Kate's lips parted initially in surprise, then in wonder. Jessie's kiss, tender at first, became more possessive, and Kate swayed in Jessie's arms as heat hummed through her limbs, making her muscles weak and her head light. What she felt in Jessie's embrace was more than pleasure, more than passion. It was a unbearable hunger that threatened to undo her. She drank the sweetness of Jessie's mouth, quenching a thirst older than time.
"Jessie," Kate managed to say when she could bear to pull her mouth away from those sweet kisses, "what you make me feel! Never - I never imagined."
Jessie buried her face in Kate's neck, breathless, so consumed with arousal she could not speak. Her stomach churned with the need to feel Kate's skin. She had no way to control what she had never expected, and she moaned helplessly with the ache of desire. She lifted trembling hands to Kate's face, finding Kate's lips once again, barely mindful of the ferocity of her caresses. Finally, kisses were not enough to assuage her need.
"Come lie with me, Kate," Jessie dared ask, desperate for her.
Kate nodded wordlessly, trusting in the tenderness of Jessie's gaze.
Jessie took Kate's hand, leading her gently up the stairs to her room. A large four-poster bed that had been her parents' occupied the center of the room on a broad braided rug. Kate and Jessie stood close together, hands clasped, just inside the door, hesitating on the threshold of surrender.
"I love you, Kate," Jessie whispered, her voice breaking, an agony of desire shuddering through her frame. She wanted her so much that she was afraid to move.
Kate sensed every ripple of desire in Jessie's slender body and saw every flicker of longing in Jessie's face, and Kate smiled. She stepped away, watching Jessie's expression as she slowly loosened the ties on her bodice. She slipped the dress from her shoulders, her pulse racing as she heard Jessie's quick intake of breath. Covered only by a light chemise, Kate returned to Jessie's arms. Her nipples, taut under the thin material, brushed against the rough denim of Jessie's shirt, and she gasped in surprise at the jolt of excitement that coursed through her. Jessie's hands were on her again, on her skin now, and everywhere Jessie touched, Kate burned.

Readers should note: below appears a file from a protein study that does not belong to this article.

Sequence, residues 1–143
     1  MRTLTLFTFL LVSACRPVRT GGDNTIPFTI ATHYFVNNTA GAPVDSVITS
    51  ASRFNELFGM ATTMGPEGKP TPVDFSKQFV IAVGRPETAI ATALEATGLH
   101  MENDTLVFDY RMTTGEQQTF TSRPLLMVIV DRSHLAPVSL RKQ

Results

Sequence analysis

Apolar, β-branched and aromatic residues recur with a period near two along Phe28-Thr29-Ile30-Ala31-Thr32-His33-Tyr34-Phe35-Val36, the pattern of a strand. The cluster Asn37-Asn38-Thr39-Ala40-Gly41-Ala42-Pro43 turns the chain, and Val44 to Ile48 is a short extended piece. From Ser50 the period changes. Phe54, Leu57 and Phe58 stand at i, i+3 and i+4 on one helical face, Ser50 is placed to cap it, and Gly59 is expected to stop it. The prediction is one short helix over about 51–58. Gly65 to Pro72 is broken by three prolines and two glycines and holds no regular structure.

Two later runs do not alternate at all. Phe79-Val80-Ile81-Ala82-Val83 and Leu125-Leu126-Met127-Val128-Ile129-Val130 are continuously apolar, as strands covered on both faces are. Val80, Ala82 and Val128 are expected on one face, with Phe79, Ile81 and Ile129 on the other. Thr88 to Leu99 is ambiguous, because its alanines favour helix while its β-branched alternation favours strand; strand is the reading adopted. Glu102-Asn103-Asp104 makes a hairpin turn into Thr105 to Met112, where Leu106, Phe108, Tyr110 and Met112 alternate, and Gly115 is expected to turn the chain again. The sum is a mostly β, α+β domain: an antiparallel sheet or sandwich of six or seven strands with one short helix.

"I want to see you," Kate beseeched, her fingers working at the buttons on Jessie's shirt.
Jessie stood motionless, a fine mist of sweat breaking out on her face as she looked at Kate. Kate's breasts strained the cotton slip, shadows of pink nipples, firm with anticipation, clearly visible. Jessie cupped Kate's breasts in her palms, and Kate swayed against her, moaning softly. Jessie stilled, afraid that if she moved the great dam inside her would burst and she would do something to frighten Kate. She ached to touch Kate, everywhere. Everywhere. Always.
Her fingers rubbed over Kate's nipples. Kate bit her lip, struggling to see through a haze of arousal. She finally loosened all the buttons on Jessie's shirt and slid it off her shoulders.
"Oh!" Kate cried when she saw the still fresh scar on Jessie's chest. She pressed her lips to it, her hands tenderly stroking Jessie's breasts.
Jessie groaned deep in her throat, lost. "Kate, oh Kate. I can't bear it."
When Kate's lips found her nipple in a soft kiss, Jessie broke at last. She picked Kate up in her arms and carried her in a few quick strides to the bed. She leaned over her, naked from the waist up, her arms braced on either side of Kate's body. She kissed her again, on her mouth, on her neck, not gently this time, but with a primal ferocity that had simmered unheeded for far too long. Every kiss stoked her need. She reached for Kate's chemise, the last barrier, and stopped herself.
"Kate?" she implored desperately, shivering with the ache in her depths.
Kate arched her back, her hands fumbling with Jessie's heavy belt, her voice unrecognizable to her own ears. "Hurry, Jessie, please. I want to feel you against me!"
Jessie swiftly kicked off her boots and stripped the levis from her thighs. Kate removed the remaining obstacle between them, and waited for her, naked and unafraid.
Jessie groaned as her gaze swept over Kate's body, taking in her full firm breasts and the dark triangle of hair at the base of her abdomen. She lay down upon her, carefully, guided by instinct. She found the places that made Kate sigh, first with her fingers and then, needing more, with her lips. She tasted her, drank her, devoured her, all the while thrilling to the soft sound of Kate's cries in her ears. When Kate arched from the bed, body taut and trembling, Jessie hesitated, afraid of her own desire.
"Jessie," Kate murmured, her eyes closed, her face flushed with arousal. She found Jessie's hand and drew Jessie's fingers to the heat between her legs, lifting her hips to take her inside. "Please."
Jessie groaned as the hot slick folds surrounded her, resting her forehead on Kate's breast as she slowly, carefully entered her. Kate thrust against her palm, small incoherent sounds escaping her throat. Jessie's chest constricted, her head throbbed, and a terrible pressure pounded through her limbs. She bit her lip and tried to hold onto reason.